Photo: Bob Hawke was Prime Minister of Australia from 1983 to 1991

The political landscape of rural politics, ever since the federation of the Commonwealth of Australia, has been dominated by two distinct yet inextricable binary conflicts of interest: the interest of the mining industry’s strong unions and the interest of the agricultural sector’s conservative business owners; as well as the interest of agricultural workers and the interest of aforementioned business owners.

These conflicts are often best observed in the ballots, with the once in- famous bellwether seat of Eden-Monaro, where a seat acts as a microcosm of the larger election, that bucked the trend in 2016 – voting in the ALP – and the maybe lesser known bellwether seat of Riverina, now a safe National Party seat since 1980. They demonstrate a pattern of strong federal Labor presence generally directly relating to a strong swing towards Labor in traditionally Coalition dominated rural constituencies.

This is all mostly due to the makeup of many country-but-not-quite-out- back seats, rural enough to be laden with mining towns and major farms, but not too rural that it’s all homesteads and independent operations. Generally speaking, workers in these mining towns and large-scale farms would vote Labor as they were the party of unions and individual workers’ rights, reducing the powers of employers over their employees. So conversely, business owners were more conservative, trying to reduce government restrictions within the private sector and giving them greater autonomy to treat their employees however they saw fit. So the mass voter base of these rural electorates is generally left-leaning and more progressive, however, the powerful and influential were generally slightly more right-wing conservative.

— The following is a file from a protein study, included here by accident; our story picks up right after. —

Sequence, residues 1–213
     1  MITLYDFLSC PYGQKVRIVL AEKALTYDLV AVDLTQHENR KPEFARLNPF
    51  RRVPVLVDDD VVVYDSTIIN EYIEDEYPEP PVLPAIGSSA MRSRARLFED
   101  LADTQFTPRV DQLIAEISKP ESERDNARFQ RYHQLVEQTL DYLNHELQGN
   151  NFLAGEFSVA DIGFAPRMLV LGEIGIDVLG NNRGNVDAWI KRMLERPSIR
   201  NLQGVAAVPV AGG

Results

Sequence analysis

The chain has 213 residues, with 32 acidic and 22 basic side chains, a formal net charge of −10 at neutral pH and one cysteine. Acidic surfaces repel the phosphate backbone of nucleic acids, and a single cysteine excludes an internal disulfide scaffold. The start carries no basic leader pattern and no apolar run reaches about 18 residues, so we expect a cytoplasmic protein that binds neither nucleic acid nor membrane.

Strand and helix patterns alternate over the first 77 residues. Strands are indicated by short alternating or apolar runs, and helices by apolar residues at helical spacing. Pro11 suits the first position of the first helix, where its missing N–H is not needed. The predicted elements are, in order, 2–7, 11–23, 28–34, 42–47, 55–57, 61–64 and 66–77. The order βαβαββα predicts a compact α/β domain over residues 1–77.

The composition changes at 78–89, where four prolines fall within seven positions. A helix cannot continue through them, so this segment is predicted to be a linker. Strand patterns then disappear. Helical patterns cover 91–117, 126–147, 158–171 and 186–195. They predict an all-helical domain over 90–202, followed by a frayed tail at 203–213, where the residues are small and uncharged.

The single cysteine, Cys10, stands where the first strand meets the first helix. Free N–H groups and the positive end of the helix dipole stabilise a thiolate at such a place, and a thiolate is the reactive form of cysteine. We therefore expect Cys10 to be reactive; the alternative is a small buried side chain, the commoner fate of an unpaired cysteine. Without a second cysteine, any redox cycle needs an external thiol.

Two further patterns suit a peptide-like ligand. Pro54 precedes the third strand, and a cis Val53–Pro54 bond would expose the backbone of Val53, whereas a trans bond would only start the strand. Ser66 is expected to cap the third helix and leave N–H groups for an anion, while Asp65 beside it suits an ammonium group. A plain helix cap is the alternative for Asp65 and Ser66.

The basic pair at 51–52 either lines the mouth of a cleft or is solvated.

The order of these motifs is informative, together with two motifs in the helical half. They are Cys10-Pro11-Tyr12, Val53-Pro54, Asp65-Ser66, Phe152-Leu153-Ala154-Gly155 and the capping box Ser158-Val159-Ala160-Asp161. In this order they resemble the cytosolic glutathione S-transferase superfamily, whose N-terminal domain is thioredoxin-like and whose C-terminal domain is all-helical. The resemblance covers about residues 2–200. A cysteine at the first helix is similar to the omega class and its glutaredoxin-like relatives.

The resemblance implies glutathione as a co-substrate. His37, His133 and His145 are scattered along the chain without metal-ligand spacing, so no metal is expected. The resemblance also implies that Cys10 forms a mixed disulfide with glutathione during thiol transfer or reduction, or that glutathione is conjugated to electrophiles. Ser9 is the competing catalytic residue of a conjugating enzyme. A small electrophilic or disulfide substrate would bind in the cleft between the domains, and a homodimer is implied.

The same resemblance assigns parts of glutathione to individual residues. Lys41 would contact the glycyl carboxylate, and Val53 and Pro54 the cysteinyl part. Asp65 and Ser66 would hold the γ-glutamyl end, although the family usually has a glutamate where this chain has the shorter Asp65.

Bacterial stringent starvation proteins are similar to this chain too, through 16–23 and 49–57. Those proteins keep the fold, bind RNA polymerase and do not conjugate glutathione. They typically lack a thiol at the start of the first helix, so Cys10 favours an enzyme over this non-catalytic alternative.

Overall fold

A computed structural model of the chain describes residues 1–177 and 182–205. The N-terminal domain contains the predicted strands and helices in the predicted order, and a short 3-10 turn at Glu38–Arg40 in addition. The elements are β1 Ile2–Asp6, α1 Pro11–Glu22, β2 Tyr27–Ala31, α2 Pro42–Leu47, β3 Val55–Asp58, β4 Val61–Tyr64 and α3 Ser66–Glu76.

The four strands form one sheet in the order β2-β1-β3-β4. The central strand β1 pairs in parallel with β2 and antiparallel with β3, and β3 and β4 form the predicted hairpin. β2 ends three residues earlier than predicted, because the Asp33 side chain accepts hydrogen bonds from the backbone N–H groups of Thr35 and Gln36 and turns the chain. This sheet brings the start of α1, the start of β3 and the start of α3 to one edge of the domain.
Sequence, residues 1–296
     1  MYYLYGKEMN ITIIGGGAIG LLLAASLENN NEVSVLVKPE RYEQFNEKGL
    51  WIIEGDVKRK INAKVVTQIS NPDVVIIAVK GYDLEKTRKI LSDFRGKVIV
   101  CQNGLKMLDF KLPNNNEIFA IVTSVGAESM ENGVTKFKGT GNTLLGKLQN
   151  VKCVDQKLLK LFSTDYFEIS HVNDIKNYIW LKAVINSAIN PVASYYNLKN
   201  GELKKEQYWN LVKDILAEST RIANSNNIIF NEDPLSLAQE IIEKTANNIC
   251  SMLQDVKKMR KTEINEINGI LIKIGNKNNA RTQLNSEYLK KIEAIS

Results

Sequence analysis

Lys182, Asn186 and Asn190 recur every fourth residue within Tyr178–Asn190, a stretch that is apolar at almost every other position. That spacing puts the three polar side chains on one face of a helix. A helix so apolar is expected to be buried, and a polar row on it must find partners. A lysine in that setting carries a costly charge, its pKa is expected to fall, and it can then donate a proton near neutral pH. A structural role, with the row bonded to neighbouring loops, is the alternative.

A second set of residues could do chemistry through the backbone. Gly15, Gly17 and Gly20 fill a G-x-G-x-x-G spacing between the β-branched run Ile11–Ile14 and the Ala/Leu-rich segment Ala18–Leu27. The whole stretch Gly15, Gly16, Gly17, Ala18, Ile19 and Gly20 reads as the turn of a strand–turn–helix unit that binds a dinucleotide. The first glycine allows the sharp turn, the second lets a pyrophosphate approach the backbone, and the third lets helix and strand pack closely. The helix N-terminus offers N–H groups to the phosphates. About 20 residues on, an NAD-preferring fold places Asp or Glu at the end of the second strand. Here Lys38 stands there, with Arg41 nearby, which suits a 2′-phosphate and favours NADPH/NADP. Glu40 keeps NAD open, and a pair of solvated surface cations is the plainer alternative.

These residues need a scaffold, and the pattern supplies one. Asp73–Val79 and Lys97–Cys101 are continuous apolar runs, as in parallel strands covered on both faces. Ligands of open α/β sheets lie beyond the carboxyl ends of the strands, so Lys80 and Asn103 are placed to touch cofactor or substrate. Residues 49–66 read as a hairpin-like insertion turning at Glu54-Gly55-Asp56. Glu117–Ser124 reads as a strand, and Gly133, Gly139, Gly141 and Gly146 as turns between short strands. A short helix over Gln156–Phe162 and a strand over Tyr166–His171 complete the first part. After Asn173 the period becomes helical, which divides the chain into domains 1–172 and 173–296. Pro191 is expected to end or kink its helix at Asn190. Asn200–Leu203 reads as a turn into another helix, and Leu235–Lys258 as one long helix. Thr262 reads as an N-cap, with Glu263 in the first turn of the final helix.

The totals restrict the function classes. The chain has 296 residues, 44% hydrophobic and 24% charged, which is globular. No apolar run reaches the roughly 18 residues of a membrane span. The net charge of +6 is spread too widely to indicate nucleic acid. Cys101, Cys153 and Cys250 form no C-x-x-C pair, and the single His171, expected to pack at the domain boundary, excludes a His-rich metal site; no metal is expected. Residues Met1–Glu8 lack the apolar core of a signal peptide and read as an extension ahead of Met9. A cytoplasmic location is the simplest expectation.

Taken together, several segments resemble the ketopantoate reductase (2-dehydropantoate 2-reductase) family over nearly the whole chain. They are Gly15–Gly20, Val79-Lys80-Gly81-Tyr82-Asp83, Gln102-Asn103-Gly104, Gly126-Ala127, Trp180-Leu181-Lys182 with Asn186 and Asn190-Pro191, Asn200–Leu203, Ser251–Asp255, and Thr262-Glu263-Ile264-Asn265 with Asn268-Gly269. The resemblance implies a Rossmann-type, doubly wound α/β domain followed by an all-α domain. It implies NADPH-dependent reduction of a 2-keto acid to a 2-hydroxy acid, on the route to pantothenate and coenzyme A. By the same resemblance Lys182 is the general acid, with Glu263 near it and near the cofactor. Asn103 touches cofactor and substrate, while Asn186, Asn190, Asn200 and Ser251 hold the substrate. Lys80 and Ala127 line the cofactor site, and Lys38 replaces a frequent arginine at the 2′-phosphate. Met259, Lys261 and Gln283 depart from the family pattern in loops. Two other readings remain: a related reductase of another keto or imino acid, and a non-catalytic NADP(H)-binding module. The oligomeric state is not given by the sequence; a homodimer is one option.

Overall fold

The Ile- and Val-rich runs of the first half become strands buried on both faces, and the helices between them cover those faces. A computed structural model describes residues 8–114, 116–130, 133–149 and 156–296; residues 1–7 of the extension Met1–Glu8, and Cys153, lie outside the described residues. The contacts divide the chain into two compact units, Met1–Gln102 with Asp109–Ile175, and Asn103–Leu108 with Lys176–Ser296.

More outback electorates would be constituted of a lot of homesteads, small populations over enormous sects of land, leading to people probably becoming more conservative and wanting less government interference over their businesses. Though if there was a major mining town like Broken Hill then it would dominate politics in the area as it did in the now abolished electorate of Darling.

Enter the National Party, originally the Country Party in the 1920s, the party tailored to regional areas feeling disconnected, disinterested and disenfranchised by two-party city politics. It was designed to be a country representative, to give rural areas a better voice in the parliament that often felt dominated by metropolitan electorates. However, it was heavily influenced by this class divide of workers and their employers, left and right, and even though its voter base was primarily blue-collar workers, like Labor, donations by wealthy business owners often influenced their politics to become gradually more conservative – hence today they form the Coalition with Liberals and not Labor.